Then came the horrifying attacks by ISIS in Paris and Beirut. With several hundred dead and ISIS threatening to attack American cities, governors of many states declared they were unwilling to allow Syrian refugee families to settle within their borders. Governor Brian Sandoval of Nevada chose a different path: rather than an outright refusal, he said Nevada would accept no Syrian refugees until the White House had reviewed the resettlement program to make sure it was as thorough as possible. To date, nine Syrians have been resettled in Nevada, according to the Las Vegas Sun.

I understand the fear we harbor in our hearts. I lived through 9/11 in Washington, D.C., and remember well the paralyzing anxiety of another attack. I worried about friends and family riding the Metro, visiting popular landmarks like the Smithsonian, or just driving through the city. I know how hard it is to feel unsafe, to fear that a random act of terrorism will destroy the life and freedoms we often take for granted.

But does that mean the United States should turn away Syrian refugees? There is a remote danger that some of the refugees could be terrorists or be radicalized in the future, but so can American citizens and immigrants already living among us. Does fear of the few mean we should block the many who are worthy and desperate? And wouldn’t the Syrian children now enduring hardship to reach a better world be less likely to mature into terrorists if we took them in and cared for them?

These are difficult, complex questions. Nothing here is simple. But for me, this is a time when being a Quaker helps. Our Peace testimony asks us to recognize the child of God in everyone, and to do what we can to end violence and promote justice and human understanding. At the same time, the Integrity testimony urges us to be true to our word. “When lives are centered in the Spirit, beliefs and actions are congruent, and words are dependable,” says our Quaker guide, Faith and Practice.

It is, after all, the season of Peace. Let us open our hearts.

Wendy Swallow, Clerk of Reno Friends Meeting

 email: wswallow54 (at) gmail.com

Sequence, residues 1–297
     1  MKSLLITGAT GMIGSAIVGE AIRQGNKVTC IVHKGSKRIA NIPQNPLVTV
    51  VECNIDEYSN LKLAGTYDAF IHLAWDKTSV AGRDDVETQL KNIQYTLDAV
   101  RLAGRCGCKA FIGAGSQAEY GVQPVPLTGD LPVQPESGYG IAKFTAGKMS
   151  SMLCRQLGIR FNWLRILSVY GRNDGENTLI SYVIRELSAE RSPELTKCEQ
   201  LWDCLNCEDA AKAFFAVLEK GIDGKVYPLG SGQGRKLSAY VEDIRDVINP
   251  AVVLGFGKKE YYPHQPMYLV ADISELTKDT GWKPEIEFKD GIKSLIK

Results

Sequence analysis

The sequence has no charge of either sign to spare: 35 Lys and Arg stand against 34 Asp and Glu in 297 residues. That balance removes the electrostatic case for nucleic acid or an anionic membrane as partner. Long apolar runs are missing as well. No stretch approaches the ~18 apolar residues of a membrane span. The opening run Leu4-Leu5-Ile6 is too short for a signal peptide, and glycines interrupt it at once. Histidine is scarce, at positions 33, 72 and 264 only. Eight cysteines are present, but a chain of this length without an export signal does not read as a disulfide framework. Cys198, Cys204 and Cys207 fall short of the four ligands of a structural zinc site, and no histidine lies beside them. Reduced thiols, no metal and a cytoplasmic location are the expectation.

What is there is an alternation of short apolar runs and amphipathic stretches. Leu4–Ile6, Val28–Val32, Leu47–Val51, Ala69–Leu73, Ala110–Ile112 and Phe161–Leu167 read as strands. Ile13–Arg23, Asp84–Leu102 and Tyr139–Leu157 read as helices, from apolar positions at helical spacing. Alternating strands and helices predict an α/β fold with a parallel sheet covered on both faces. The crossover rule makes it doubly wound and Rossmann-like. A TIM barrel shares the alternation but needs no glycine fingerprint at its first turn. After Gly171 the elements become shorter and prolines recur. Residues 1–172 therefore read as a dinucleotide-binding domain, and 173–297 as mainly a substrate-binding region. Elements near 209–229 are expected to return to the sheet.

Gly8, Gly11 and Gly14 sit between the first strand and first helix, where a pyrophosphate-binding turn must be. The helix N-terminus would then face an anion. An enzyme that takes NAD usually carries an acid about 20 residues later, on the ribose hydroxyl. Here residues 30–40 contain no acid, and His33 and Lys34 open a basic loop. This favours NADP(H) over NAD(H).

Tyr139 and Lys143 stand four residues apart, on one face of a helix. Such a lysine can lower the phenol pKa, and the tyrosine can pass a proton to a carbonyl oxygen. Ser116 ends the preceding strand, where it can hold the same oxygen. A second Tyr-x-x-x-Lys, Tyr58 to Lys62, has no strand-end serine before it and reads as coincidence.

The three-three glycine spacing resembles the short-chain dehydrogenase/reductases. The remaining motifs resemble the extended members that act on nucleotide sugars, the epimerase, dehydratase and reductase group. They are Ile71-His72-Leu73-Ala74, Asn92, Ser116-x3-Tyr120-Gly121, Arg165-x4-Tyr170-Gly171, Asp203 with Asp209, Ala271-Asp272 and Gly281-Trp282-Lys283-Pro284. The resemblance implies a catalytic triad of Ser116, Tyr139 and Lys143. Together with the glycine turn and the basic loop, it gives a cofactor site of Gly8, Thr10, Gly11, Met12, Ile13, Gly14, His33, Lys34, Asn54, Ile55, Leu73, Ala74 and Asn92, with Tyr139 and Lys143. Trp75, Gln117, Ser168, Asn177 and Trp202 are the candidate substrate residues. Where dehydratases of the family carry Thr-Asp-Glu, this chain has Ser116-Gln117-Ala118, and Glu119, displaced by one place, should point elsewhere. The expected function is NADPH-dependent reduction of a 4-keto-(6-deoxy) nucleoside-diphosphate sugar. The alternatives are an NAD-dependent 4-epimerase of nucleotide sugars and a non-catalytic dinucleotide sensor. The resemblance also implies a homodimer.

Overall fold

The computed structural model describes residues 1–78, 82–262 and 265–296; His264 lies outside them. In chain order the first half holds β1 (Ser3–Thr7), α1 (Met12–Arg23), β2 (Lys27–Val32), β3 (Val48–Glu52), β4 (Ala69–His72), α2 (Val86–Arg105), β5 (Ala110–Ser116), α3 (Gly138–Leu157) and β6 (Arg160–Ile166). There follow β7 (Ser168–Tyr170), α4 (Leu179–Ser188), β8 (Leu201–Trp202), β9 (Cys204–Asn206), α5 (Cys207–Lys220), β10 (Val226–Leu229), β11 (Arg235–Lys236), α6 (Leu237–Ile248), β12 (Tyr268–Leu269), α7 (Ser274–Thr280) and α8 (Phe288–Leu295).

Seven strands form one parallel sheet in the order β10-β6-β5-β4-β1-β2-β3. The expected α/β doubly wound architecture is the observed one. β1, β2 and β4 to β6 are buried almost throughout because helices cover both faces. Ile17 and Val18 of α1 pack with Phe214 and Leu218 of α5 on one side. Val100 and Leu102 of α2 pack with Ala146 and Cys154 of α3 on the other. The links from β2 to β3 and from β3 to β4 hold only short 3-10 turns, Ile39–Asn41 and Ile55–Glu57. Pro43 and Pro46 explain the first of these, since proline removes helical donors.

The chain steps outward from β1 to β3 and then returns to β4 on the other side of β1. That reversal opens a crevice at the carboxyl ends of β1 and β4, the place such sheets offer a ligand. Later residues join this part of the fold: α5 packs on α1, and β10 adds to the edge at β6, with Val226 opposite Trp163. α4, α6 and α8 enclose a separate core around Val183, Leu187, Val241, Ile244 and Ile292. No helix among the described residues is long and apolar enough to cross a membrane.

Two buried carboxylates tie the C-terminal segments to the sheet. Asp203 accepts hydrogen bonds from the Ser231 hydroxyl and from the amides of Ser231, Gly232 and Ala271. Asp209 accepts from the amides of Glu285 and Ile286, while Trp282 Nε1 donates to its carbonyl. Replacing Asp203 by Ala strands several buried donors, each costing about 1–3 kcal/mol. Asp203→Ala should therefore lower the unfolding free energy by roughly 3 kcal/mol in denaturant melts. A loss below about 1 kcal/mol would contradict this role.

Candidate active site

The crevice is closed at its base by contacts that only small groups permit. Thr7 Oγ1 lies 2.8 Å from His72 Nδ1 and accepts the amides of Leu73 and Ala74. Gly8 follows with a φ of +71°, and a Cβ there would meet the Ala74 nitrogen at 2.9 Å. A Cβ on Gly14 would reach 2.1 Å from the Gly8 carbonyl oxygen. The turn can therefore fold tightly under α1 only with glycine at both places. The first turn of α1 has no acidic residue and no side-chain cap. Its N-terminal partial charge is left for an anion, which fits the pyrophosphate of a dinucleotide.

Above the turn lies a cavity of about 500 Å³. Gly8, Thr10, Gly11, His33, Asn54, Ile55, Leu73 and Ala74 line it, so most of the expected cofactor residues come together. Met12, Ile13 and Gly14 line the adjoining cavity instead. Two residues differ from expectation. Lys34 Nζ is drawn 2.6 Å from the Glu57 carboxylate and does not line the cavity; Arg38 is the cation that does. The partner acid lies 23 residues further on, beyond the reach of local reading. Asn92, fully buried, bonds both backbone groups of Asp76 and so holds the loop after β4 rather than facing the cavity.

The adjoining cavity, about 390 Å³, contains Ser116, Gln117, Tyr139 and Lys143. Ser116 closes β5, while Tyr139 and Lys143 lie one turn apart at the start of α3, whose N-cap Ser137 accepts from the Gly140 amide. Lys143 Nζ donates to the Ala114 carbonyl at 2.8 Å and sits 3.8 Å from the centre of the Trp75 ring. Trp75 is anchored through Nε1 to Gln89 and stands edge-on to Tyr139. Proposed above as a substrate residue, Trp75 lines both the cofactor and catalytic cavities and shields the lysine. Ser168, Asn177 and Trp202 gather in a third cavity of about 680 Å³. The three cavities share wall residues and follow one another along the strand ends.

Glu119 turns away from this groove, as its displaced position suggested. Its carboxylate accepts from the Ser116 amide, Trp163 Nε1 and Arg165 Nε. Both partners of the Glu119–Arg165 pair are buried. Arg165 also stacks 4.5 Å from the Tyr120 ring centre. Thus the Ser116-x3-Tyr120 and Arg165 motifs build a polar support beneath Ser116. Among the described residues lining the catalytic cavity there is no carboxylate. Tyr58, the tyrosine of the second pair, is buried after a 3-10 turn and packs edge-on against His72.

The opinions expressed above are not necessarily those of Reno Friends Meeting.

Thanksgiving and Family

More than any other holiday, Thanksgiving seems to be about gathering your community, bringing family and friends together to share gifts of food and affection.  It can be a chance to introduce a new girl- or boyfriend to the tribe, or reach out and include the lonely neighbor from down the street.  It can offer precious moments with an aging grandparent or a goofy game of Hearts with cousins you haven’t seen in years.

Though often full of love and laughter, these gatherings can also be trying.  Dueling food preferences can drive the cook crazy, teens may disappear into their cellphones, and some will weasel out of their share of the cleanup.  It can be enough to make one want to spend the holiday in quiet retreat.

Parker Palmer, an author, educator and Quaker, suggests that the challenges we face gathering our communities together are more important than the pleasures.  “Friends are most in the Spirit when they stand at the crossing point of the inward and outward life. And that is the intersection at which we find community. Community is a place where the connections felt in the heart make themselves known in bonds between people, and where tuggings and pullings of those bonds keep opening up our hearts.”

Living the Quaker testimonies often means having your heart tugged and pulled, but that’s how our hearts get bigger.  Surrounded by my sometimes annoying, sometimes wonderful family members, I try to remember that each is a child of God, that humanity can be messy.  When someone pushes one of my buttons, I seek to pause, taking a few breaths and summoning my compassion before responding.  Perhaps he or she is also struggling with the intersection of the inward and outward life.